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FeNO (Fractional Exhaled Nitric Oxide) testing is suitable for patients age 4 and above. As measurement requires patient cooperation, some children below the age of 7 may require additional coaching and encouragement. FeNO testing can play an important role in the diagnosis and management of their disease.1 In several recent studies, asthma therapy directed by FeNO testing has been shown to reduce asthma exacerbations in children when compared with symptom-based care or usual care.2-4
Use caution and clinical judgement when evaluating a single FeNO value without any previous measurements. Evaluate all clinical data (symptoms, spirometry, inhaled corticosteroid dosing, medication adherence and other information) before making any treatment decisions.
FeNO testing is not a replacement for spirometry. FeNO directly reflects the extent of airway inflammation, while spirometry measures airflow limitation. They both provide important information about different aspects of the disease. For example, FeNO can provide information on the level of underlying airway inflammation, but it cannot tell you the degree of airflow obstruction.
Measuring FeNO levels assists in the diagnosis of asthma and helps identify patients with Type 2 inflammation.5 For treatment optimisation, recent publications indicate that adjusting inhaled corticosteroids (ICS) dose according to FeNO value gives reductions in exacerbations up to 50%.2,6 FeNO measurement is recommended in addition to spirometry in national and international guidelines. 5,7
There are other causes of elevated exhaled nitric oxide (NO).8 After carefully excluding asthma with other tests, significant allergic rhinitis and other atopic disorders should be considered. Also, food allergies and bowel diseases have been reported to increase exhaled NO.9 A diet rich in nitrate-containing foods may also temporarily raise exhaled NO.7
A study done in 2012 showed that after starting a treatment with ICS, the FeNO levels follow an exponential decay curve. The t1/2 (half-life of exponential decay) for FeNO after starting treatment with ICS was 2.5 to 3 days. FeNO had reached a new plateau by 2 weeks.10 Thus, 10-14 days after starting ICS would be the earliest you may wish to consider rechecking FeNO levels.
This is unknown, as long-term studies specifically looking at variation in FeNO levels and its time course in relation to an exacerbation have not been performed.11
Results from spirometry poorly correlate with FeNO values since spirometry measures airway obstruction and FeNO testing measures airway inflammation.2,6 It is beneficial to measure inflammation, because if left untreated or uncontrolled, chronic inflammation in the lungs may lead to the progression of airflow limitation and reduction in airway reversibility over time.12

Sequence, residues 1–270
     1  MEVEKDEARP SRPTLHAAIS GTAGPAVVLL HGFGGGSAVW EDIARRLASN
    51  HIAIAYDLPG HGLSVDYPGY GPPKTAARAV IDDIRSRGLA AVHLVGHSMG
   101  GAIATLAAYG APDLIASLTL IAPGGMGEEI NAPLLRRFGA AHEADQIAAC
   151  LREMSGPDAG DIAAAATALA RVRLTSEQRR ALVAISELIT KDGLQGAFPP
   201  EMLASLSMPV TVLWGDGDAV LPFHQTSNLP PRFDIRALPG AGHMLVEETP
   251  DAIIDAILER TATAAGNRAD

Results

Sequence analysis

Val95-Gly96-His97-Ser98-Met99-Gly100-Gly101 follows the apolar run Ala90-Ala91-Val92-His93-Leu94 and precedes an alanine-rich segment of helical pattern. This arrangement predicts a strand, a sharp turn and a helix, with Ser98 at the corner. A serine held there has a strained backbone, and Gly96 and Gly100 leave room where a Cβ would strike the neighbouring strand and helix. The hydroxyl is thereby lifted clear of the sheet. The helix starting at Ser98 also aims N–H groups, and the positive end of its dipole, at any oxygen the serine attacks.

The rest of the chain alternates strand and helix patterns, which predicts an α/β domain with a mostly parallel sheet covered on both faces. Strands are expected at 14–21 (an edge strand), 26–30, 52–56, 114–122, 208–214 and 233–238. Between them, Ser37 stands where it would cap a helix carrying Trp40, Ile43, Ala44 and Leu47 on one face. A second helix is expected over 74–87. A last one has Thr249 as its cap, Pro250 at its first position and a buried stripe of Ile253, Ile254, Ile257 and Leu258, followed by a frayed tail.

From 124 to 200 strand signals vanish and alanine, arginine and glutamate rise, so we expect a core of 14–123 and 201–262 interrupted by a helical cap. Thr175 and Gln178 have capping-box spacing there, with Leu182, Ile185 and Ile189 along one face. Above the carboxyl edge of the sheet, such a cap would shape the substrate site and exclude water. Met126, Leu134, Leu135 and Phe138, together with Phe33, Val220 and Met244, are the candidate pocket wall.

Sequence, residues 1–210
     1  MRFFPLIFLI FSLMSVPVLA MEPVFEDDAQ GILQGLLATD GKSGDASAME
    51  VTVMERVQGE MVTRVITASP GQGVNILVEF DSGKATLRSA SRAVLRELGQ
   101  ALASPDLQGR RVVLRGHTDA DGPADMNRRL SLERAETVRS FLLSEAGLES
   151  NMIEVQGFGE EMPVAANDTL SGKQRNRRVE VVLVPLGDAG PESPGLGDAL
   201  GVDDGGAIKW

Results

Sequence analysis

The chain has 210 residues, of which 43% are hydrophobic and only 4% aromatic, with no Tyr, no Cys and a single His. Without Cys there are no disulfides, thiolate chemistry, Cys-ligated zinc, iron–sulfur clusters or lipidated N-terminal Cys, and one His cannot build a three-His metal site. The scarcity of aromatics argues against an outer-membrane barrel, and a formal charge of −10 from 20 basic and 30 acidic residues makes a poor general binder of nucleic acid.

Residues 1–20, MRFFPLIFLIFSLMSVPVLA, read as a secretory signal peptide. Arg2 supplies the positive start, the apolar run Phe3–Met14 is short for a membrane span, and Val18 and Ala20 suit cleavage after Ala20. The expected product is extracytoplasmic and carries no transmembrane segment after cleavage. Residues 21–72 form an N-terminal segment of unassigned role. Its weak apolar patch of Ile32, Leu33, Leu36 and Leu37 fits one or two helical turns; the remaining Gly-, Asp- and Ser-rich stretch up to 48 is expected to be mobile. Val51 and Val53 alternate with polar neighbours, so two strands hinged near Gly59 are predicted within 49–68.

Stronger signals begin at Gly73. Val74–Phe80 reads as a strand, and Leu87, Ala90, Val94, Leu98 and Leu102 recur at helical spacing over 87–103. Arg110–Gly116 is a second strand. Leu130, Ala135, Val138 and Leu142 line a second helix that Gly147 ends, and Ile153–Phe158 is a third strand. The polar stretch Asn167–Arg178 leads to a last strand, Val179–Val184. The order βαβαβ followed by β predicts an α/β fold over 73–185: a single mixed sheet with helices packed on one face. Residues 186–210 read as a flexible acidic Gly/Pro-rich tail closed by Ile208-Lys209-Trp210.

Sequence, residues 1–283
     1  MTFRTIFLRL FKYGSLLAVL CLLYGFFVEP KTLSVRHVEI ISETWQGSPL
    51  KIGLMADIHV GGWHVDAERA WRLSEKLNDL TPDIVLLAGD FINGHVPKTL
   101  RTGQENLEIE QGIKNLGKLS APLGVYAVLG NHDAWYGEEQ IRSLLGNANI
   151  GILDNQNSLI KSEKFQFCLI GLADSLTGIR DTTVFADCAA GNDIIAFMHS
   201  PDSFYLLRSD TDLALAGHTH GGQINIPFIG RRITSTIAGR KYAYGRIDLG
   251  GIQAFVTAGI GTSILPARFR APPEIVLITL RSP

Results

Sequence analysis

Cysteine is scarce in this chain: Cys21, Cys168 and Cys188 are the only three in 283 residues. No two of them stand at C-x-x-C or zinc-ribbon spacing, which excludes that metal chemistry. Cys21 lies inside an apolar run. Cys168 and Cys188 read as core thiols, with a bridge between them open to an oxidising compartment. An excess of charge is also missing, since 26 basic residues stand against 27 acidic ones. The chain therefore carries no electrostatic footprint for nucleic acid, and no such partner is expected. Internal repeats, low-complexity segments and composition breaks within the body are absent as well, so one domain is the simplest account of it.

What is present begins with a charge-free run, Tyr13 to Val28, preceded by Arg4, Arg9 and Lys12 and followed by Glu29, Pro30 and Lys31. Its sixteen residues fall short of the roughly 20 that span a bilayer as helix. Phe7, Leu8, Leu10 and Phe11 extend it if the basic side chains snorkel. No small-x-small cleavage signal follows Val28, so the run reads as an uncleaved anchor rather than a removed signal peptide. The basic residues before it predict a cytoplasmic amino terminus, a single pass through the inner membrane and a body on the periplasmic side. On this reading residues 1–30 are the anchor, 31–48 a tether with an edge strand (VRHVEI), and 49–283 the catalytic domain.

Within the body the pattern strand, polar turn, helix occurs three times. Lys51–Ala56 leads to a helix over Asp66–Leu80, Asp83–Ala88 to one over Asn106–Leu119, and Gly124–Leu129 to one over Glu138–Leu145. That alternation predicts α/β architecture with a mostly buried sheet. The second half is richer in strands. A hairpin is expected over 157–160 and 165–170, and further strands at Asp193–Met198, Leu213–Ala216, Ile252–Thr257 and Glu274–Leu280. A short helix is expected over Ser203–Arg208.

Generally, patients seen by asthma specialists should have a baseline FeNO measurement, particularly those who are not well controlled.5 Once treatment with ICS is started, FeNO levels should be monitored according to the patient’s symptoms while optimising the ICS dose.7 In studies that showed a reduction in exacerbations, measuring FeNO every 2 to 4 months and titrating ICS until FeNO value was in the low/normal range resulted in a 50% reduction in exacerbations when compared with protocols that used symptom-based treatments (ACQ – Asthma Control Questionnaire) or usual care.2,6
FeNO values in the intermediate range (25-50 ppb) should be interpreted cautiously and with reference to the clinical context (i.e. patient assessment, other asthma assessment tools, ICS dose, patient adherence, etc).7
References: 1. Malinovschi, A, Janson, C, Borres M. Simultaneously increased fraction of exhaled nitricoxide levels and blood eosinophil counts relate to increased asthma morbidity. J Allergy Clin Immunol. 2016 Nov; 138(5):1301-1308. 2. Peirsman EJ, Carvelli TJ, Hage PY, et al. Exhaled nitric oxide in childhood allergic asthma management: a randomised controlled trial. Pediatr Pulmonol. 2014;49(7):624-631. 3. Petsky H. Exhaled nitric oxide in children with asthma. Respiratory care nurse’s perspective. Indian Pediatr. 2014;51(2):102-103. 4. Mahr TA, Malka J, Spahn JD. Inflammometry in pediatric asthma: a review of fractional exhaled nitric oxide in clinical practice. Allergy Asthma Proc. 2013;34(3):210-219. 5. National Institute for Health and Clinical Excellence (NICE). Asthma: diagnosis, monitoring and chronic asthma management. NICE guideline [NG80]. 2017. 6. Syk J, Malinovschi A, Johansson G, et al. Anti-inflammatory treatment of atopic asthma guided by exhaled nitric oxide: a randomized, controlled trial. J Allergy Clin Immunol Pract. 2013;1(6):639-648. 7. Dweik RA, Boggs PB, Erzurum SC, et al; on behalf of the American Thoracic Society Committee on Interpretation of Exhaled Nitric Oxide Levels (FENO) for Clinical Applications. An official ATS clinical practice guideline: interpretation of exhaled nitric oxide levels (FENO) for clinical applications. Am J Respir Crit Care Med. 2011;184(5):602-615. 8. Alving K, Malinovschi A. Basic aspects of exhaled nitric oxide. Eur Respir Mon. 2010;49:1-31. 9. Quenon L, Hindryckx P, De Vos M, et al. Hand-held fractional exhaled nitric oxide measurements as a non-invasive indicator of systemic inflammation in Crohn’s disease. J Crohn Colitis. 2013;7:644-648. 10. Anderson WJ, Short PM, Williamson PA, Lipworth BJ. Inhaled corticosteroid dose response using domiciliary exhaled nitric oxide in persistent asthma. Chest. 2012;142(6):1553-1561. 11. Beck-Ripp J, Griese M, Arenz S, Köring C, Pasqualoni B, Bufler P. Changes of exhaled nitric oxide during steroid treatment of childhood asthma. Eur Respir J. 2002;19(6):1015-1019. 12. Matsunaga K et al. Persistently high exhaled nitric oxide and loss of lung function in controlled asthma. Allergol Int. 2016 65(3):266-71.